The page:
To prove the existence of a contract, Defendant points to the deposition testimony of Matthew Greenberg, Plaintiffs attorney during the relevant time period who was familiar with the parties' business relationship. That testimony, Defendant argues, shows that there was a valid and enforceable oral contract between the parties in which Plaintiff would pay the Defendant a fifteen percent commission based on net income. But, Defendant misses the mark-neither that testimony, or any testimony by any witness in this case-speaks to whether there was an actual agreement for the Defendant to receive that same commission (or any commission, for that matter) after termination. Without proof of a meeting of the minds over this essential term, which is integral to counterclaims one, three, and four, those counterclaims fail on their face. As the Fourth District Court of Appeal aptly wrote, "[a] meeting of the minds of the parties on all the essential elements is a prerequisite to the existence of an enforceable contract. . . ." Bus. Specialists, Inc. v. Land & Sea Petrol., Inc., 25 So.3d 693, 695 (Fla. 4th DCA 2010) (second alteration in original) (quoting Acosta v. Dist. Bd. of Miami-Dade Cmty. Coll., 905 So.2d 226, 228 (Fla. 3d DCA 2005)).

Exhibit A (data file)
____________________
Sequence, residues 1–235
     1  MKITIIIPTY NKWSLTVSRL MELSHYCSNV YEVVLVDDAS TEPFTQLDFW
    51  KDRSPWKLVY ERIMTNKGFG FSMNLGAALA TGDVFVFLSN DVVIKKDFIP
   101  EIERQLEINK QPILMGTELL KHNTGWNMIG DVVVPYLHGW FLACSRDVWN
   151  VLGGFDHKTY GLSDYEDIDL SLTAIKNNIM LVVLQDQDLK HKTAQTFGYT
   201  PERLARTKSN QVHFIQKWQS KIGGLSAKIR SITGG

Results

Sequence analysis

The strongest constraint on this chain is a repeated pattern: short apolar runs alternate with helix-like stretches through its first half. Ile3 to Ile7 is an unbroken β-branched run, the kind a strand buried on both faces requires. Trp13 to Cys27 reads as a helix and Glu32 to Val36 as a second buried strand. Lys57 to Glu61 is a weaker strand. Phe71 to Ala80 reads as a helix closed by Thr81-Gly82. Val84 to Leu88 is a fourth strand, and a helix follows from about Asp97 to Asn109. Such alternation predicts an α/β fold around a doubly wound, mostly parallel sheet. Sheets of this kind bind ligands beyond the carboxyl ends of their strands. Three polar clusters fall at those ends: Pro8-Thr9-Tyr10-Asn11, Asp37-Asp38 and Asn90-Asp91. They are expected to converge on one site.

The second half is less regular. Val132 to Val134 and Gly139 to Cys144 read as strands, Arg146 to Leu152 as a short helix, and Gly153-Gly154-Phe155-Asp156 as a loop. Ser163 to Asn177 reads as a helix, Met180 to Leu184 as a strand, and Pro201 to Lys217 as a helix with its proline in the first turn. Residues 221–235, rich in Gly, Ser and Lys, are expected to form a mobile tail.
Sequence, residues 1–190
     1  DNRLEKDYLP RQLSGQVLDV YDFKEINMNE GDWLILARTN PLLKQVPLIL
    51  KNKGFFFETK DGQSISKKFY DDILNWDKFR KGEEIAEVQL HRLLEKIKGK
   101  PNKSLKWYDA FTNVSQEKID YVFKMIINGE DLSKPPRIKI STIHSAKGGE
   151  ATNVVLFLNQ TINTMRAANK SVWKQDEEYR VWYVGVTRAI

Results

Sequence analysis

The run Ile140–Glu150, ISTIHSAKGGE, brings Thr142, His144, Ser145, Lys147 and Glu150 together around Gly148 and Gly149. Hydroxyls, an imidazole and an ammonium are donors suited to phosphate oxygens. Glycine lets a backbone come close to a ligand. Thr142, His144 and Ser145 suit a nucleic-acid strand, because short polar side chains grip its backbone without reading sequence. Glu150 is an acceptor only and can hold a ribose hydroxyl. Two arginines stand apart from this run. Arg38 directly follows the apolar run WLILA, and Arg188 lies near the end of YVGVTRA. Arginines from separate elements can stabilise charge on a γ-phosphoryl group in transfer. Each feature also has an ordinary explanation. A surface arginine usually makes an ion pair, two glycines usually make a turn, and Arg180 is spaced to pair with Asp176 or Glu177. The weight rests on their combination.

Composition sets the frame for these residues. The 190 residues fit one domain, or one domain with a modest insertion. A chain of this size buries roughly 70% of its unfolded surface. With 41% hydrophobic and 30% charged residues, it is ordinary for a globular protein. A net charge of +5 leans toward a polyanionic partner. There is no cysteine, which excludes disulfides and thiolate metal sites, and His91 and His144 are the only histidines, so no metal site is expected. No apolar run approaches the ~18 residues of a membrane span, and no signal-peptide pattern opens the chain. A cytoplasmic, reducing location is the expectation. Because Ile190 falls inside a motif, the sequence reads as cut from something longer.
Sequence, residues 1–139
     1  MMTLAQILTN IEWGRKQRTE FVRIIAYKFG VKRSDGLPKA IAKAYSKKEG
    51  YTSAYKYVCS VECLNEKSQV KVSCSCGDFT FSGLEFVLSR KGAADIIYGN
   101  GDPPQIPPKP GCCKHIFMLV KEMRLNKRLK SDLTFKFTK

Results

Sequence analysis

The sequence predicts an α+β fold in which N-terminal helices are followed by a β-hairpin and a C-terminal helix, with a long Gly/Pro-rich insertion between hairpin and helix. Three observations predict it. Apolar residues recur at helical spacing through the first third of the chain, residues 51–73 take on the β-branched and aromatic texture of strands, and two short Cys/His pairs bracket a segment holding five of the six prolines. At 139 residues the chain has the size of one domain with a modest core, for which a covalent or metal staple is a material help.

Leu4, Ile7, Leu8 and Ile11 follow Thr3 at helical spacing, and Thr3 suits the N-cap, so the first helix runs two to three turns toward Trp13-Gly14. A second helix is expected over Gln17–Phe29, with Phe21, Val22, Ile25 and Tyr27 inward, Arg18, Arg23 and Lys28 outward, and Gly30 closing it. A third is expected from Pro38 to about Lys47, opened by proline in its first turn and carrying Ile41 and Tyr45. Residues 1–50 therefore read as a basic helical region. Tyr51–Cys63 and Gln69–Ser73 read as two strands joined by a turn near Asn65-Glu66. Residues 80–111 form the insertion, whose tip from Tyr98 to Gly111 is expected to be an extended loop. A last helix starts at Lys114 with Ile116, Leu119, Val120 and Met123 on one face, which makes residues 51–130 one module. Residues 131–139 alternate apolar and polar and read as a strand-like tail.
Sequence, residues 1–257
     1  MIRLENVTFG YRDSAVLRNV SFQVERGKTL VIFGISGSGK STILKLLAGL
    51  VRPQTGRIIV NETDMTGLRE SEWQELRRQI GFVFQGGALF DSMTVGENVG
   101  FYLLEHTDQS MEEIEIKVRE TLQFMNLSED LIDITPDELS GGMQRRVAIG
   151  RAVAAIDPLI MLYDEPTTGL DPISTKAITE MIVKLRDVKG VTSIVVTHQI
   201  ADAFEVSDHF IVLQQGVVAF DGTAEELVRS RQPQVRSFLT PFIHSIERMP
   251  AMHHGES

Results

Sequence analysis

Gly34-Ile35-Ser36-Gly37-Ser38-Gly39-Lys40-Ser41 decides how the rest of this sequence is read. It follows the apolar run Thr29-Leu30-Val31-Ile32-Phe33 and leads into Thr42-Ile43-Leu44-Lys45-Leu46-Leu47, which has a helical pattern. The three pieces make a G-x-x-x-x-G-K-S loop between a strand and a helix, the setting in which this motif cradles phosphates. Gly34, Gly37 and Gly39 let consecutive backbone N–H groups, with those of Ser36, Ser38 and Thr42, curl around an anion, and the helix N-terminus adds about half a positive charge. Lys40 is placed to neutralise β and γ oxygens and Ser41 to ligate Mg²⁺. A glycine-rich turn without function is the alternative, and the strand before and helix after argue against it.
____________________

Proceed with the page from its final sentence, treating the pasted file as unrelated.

Perhaps Defendant's best piece of evidence in this case, again raised in the objections, is attorney Greenberg's testimony at deposition noting that "Edgar [Andino] and Yandel went off into another part of the room I think and spoke to each other in Spanish which I do not speak; and then they spoke for a few minutes and they came back and I believe it was Edgar that announced, okay, we're agreed. I get twelve percent. And as I recall, you know, Yandel and Andy indicated an assent to that. And I was like okay, great, and then we talked about it being built into the agreements." Even viewing this evidence in a light most favorable to the Defendant, just as Magistrate Judge Louis found, there is still no evidence, in this recounting, that the parties agreed that Defendant would specifically receive post-termination commissions. Attorney Greenberg even said, a few sentences later, "I don't know that we articulated [the supposed deal] with specificity. I don't recall whether we said, okay, that applies to this agreement, that agreement and the other agreement."[1] Regardless, after review, there is no evidence that any of the four deals Plaintiff signed after Defendant's termination provided for commissions to Defendant.